Victorians will no longer need a planning permit to build a second "smaller" home on their land from next month.
It is part of the government's response to the state's housing crisis.
It doesn't have to be a granny flat - there are will be no restrictions on how a small second home can be used.
That second home can be used for family members, provide temporary housing or be rented out for extra cash.
Similar reforms to rent out granny flats have also been adopted in Queensland, Canberra, NSW and South Australia.
While some of the red tape has been cut, there is still plenty of rules which remain in Victoria.
Those second homes will need to be under 60 square metres.
To give that some scale, a caravan is between 20-25 square metres.
The property it is being built on must also be 300 square metres or larger.
The property must not have flooding or environmental overlays, or restrictions.
Although they were not need a planning permit they will still need a building permit and will need residential setback and siting requirements.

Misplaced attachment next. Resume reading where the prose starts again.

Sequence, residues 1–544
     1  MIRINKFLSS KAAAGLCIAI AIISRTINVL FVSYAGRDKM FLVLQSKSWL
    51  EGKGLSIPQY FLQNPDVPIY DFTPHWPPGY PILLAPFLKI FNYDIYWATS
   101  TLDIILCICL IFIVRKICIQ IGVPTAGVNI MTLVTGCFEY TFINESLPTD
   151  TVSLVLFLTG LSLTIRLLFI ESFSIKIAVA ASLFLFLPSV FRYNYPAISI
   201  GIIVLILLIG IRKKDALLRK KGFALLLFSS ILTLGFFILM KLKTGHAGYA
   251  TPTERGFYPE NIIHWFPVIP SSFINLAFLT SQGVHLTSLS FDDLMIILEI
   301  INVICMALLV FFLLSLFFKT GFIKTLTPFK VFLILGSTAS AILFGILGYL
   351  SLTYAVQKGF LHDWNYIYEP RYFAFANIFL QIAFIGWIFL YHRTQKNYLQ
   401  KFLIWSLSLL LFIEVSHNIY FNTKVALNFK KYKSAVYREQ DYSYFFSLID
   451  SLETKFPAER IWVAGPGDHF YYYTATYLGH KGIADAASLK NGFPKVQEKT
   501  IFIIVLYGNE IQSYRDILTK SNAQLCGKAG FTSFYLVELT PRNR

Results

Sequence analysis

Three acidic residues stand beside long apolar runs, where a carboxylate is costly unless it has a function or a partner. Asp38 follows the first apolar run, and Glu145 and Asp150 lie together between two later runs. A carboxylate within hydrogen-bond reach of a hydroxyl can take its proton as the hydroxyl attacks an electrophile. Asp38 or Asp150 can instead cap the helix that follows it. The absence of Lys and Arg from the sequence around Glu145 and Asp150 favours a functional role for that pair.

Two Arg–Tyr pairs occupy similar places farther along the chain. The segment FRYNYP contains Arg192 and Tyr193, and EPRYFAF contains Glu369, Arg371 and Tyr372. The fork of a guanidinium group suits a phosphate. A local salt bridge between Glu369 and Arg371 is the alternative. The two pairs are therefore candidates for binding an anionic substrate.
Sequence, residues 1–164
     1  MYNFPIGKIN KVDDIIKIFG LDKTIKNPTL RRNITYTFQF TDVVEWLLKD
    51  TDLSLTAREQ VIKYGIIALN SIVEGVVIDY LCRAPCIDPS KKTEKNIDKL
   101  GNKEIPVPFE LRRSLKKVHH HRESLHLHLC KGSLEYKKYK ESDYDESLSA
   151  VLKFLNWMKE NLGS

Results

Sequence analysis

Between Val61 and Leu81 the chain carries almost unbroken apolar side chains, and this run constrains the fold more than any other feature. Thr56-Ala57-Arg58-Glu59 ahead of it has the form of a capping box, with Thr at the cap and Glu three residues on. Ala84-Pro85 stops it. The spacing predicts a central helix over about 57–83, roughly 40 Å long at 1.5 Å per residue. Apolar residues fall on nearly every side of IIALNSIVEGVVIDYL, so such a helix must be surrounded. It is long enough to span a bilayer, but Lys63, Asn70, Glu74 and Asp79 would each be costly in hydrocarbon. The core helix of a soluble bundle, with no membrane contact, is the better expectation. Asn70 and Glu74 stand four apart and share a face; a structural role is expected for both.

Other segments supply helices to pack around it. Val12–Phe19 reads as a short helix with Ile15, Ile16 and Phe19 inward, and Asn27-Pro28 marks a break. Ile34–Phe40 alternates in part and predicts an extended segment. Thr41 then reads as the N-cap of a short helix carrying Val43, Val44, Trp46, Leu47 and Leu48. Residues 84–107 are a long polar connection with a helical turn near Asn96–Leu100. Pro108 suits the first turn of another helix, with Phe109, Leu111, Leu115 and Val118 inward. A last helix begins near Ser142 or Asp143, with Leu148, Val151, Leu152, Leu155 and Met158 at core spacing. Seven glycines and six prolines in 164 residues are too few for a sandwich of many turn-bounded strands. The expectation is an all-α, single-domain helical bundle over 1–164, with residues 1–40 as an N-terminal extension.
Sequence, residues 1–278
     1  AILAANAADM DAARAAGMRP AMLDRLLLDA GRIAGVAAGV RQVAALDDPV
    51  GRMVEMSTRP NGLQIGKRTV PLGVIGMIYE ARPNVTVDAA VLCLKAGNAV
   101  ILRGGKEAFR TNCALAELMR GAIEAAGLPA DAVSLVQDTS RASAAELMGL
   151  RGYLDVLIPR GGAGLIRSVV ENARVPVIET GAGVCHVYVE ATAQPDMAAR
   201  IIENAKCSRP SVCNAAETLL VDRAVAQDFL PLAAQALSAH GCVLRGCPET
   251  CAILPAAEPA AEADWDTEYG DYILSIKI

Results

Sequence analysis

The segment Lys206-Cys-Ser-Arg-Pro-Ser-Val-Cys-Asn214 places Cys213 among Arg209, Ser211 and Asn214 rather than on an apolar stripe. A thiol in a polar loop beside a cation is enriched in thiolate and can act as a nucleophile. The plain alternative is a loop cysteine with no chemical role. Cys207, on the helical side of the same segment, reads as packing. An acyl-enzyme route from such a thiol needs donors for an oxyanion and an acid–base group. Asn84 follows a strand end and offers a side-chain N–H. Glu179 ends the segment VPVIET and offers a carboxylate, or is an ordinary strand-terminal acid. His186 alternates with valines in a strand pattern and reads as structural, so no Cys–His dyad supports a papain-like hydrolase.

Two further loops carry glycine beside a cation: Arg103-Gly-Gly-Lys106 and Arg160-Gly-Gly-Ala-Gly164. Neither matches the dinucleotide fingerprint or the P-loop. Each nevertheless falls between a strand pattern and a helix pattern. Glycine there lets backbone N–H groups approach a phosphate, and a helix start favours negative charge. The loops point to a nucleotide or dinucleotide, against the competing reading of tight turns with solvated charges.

They also cannot be subdivided or separately sold off from the main home.
Similar reforms were announced in Sydney over a decade ago.
Research firm, the e61 Institute, said the Sydney reforms have worked.
"Our analysis found that secondary dwelling approvals surged in Sydney in the decade following the implementation of similar reforms in 2009," e61 Institute research economist Matthew Maltman said.
"From 2006 to 2021, secondary dwellings almost tripled as a share of detached housing, from 0.3 per cent to 0.9pc," Mr Maltman said.
"This contributed 1.5pc of Sydney's total housing growth, and was 6.1pc of Sydney's growth in detached housing," Mr Maltman said.
The South Australian government has also recognised the value of granny flats as a way to boost rental supply.
The government passed legislation to stop local councils from preventing homeowners from renting granny flats to anyone other than immediate family members.
Queensland has also changed planning rules to allow Queenslanders to rent out their granny flats.
Restrictions on who can live in granny flats will be removed so secondary dwellings can be rented on the open market, according to Premier Annastacia Palaszczuk.
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